Narrator: Spectacle Reef was considered a technical marvel when it was built in 1869, and it became a model for lighthouses built throughout the Northern Great Lakes.
Patrick McKinstry: Technology and the base camp that was built for Spectacle on Government Island, built every other offshore lighthouse up in the straits Mackinac, particularly the Lake Huron side. But all the technology that was developed and engineered for Spectacle, makes her kind of the grandmother of every other offshore lighthouse on the Great Lakes land. We are on top of Spectacle Reef Lighthouse, about 97 feet above Lake Huron and the lower parapet, there’s two parapets, an upper and lower, we’re on the lower side right now.
The entire next level was just the lens, and the level below was the service room where they kept oil, wicks and material. Had their little office take care of their logs each night, you know, when the foghorn went off, that type of thing. So, when you’re out here at night, you’ll see this, I believe it’s 10 or 11 lighthouses fashioned out here at night. It gives it kind of a real idea why these are so important. You’re out in the middle of the lake, you know, and how the flash parents are all different, so people knew what they were looking at. Nowadays, it’s hard to tell because you got all these radio towers and whatnot, but when they were built, of course, it was pitch black out here and the only source of light you had was lighthouses.
Narrator: The goal of the Spectacle Reef Preservation Society is to create a learning light where people can come and experience the life of a lighthouse keeper and learn about the history of lighthouses on the Great Lakes.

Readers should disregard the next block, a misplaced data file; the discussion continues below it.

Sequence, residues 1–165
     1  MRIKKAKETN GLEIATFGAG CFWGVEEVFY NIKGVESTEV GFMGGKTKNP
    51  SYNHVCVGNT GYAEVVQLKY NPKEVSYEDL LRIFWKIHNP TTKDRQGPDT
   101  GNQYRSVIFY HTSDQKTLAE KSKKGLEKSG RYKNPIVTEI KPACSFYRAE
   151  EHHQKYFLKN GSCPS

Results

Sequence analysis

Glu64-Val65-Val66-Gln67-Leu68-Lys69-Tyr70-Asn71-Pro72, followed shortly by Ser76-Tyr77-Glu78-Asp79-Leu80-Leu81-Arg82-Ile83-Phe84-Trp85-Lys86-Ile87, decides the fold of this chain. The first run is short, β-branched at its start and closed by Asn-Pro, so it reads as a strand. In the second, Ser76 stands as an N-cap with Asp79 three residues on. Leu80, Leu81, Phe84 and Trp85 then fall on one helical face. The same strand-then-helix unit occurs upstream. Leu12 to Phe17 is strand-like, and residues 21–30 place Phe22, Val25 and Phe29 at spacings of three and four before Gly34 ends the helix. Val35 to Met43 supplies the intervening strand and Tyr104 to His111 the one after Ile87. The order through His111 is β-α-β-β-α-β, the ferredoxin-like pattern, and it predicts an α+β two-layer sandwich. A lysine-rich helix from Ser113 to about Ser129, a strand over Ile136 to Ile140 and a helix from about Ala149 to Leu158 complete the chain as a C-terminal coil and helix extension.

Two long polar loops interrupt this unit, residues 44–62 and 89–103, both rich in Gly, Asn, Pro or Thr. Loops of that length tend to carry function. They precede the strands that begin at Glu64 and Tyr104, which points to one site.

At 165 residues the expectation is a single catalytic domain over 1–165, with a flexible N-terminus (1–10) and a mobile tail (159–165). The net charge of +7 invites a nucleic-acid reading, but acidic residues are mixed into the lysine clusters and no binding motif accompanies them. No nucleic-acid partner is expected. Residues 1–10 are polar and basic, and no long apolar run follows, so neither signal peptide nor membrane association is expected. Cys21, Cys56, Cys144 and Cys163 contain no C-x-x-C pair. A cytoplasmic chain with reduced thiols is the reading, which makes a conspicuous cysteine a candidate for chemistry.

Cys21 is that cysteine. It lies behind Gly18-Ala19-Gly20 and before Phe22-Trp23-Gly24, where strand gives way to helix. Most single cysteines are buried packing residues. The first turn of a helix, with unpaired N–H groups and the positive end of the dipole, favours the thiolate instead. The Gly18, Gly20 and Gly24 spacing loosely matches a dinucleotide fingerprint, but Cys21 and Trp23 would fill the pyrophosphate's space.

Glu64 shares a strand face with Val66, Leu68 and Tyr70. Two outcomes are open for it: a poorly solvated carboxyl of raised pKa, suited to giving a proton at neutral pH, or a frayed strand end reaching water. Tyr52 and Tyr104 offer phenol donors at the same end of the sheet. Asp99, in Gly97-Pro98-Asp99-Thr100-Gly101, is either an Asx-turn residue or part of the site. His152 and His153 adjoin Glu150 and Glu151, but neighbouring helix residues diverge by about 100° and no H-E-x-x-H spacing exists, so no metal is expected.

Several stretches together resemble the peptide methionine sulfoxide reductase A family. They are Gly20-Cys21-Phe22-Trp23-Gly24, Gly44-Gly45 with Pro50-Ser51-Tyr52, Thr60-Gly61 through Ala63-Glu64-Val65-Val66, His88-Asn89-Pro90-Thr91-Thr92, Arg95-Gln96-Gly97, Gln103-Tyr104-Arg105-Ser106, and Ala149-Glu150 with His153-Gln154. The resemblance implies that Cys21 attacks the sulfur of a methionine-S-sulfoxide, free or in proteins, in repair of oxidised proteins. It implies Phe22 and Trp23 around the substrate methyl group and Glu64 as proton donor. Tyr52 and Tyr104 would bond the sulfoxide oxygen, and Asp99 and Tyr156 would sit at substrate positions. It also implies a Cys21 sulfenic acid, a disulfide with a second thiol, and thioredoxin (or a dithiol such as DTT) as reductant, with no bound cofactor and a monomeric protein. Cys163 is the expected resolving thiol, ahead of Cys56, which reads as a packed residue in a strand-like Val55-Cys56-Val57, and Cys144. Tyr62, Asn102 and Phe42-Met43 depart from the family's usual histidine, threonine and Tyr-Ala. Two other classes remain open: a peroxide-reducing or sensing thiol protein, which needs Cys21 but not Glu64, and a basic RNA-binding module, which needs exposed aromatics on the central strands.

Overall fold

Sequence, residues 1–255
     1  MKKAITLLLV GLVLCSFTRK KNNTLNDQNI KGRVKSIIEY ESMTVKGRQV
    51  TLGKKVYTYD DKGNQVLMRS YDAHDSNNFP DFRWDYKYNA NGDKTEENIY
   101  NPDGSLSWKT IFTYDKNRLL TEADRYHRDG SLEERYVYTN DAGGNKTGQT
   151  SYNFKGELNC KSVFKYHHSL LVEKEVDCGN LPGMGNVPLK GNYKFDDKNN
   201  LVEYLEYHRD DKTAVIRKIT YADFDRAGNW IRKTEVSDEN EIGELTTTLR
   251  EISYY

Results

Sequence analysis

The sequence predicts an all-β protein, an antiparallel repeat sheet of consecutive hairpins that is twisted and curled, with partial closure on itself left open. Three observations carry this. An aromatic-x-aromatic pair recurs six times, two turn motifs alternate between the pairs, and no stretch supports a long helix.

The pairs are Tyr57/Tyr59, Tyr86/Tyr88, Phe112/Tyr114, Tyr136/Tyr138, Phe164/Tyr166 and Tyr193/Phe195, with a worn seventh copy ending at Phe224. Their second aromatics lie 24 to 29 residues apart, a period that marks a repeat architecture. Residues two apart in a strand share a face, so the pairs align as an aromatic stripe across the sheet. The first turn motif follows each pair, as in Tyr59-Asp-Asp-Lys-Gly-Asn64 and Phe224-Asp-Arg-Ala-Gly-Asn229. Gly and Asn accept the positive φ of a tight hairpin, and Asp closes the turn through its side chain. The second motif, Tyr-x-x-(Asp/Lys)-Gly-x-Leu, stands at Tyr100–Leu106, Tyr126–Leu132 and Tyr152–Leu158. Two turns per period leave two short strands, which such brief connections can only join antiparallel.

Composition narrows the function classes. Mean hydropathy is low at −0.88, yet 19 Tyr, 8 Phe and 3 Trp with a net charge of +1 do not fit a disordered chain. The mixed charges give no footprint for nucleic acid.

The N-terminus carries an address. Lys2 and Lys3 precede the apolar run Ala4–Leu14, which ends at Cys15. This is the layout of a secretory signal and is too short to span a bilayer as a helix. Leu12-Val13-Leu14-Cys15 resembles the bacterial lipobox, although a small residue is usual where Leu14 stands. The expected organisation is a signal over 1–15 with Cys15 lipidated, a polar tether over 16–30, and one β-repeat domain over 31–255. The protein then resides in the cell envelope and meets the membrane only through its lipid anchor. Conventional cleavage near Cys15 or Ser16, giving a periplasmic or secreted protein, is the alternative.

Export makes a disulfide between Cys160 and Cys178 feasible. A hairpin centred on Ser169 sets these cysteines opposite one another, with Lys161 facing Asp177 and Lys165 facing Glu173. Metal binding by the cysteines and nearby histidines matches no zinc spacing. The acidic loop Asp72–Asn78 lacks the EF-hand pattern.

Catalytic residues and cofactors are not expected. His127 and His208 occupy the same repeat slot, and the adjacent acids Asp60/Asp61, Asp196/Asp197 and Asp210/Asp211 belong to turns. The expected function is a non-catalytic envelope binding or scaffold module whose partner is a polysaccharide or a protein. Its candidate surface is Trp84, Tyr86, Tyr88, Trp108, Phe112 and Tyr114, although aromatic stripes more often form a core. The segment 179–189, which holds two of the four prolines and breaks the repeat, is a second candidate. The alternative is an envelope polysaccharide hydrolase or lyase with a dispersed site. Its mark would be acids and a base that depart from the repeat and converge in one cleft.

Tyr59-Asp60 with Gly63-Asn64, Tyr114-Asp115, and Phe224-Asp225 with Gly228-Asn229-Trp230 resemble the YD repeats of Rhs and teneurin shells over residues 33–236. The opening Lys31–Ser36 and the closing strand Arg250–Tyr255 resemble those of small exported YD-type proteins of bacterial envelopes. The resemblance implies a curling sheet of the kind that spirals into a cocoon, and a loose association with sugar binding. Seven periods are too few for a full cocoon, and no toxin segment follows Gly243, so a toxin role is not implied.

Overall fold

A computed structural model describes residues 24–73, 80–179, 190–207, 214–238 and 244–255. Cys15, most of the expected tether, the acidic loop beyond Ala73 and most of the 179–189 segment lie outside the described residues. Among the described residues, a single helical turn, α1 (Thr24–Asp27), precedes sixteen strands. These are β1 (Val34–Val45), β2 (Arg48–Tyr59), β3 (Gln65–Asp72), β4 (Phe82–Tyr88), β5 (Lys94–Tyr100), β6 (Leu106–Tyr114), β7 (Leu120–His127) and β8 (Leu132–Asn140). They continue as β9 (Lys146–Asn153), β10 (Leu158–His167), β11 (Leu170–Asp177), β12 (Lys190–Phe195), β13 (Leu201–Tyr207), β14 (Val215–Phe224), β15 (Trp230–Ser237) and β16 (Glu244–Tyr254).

Patrick McKinstry: This thing is kind of cool, it says, force speck, ortho tooth iodide, people back then would use this as some type of toothache medication. So in 64, a guy had a baby on shore and the waves sent him the footprints of their child, and so these footprints are still here. The engineering and the history there is important, but really it’s the stories of the people that were tough enough to survive working at a lighthouse 18 miles away from port, 12 miles in the middle lake, with no human contact for months on end, and some of whom gave up their lives to protect sailors out there. Those stories need to be preserved and told over and over again. And the lighthouse is the perfect conduit for that, since that is where they were based and that was their home for years on end.
Narrator: The first step of renovation was making the station safe for the people working on it. That meant filling holes in the floor and remediating lead paint. Next came structural repairs, waterproofing and other basic fixes. It all paves the way for the restoration and cosmetic work that will happen in the future.
Patrick McKinstry: This one is cracked. It’s another one up top that’s cracked, we’ll replace those today, too. We’ll put some plexiglass on this yellow. But these five over here say, excuse me, five, they were all shattered with holes in them and we replaced all those last week with brand new glass. So it’s floodproof, allegedly, it should take power from the waves and the wind pretty good. But we are in the land room of Spectacle Reef, this is our beautiful light that’s out here. It’s an LED light, it flashes red every five seconds, so one second on, four seconds off.
Narrator: The light is still maintained by the US Coast Guard and can be seen for 11 miles. But the fresnel lens that was in place when the lighthouse was automated in 1972 had a far greater reach.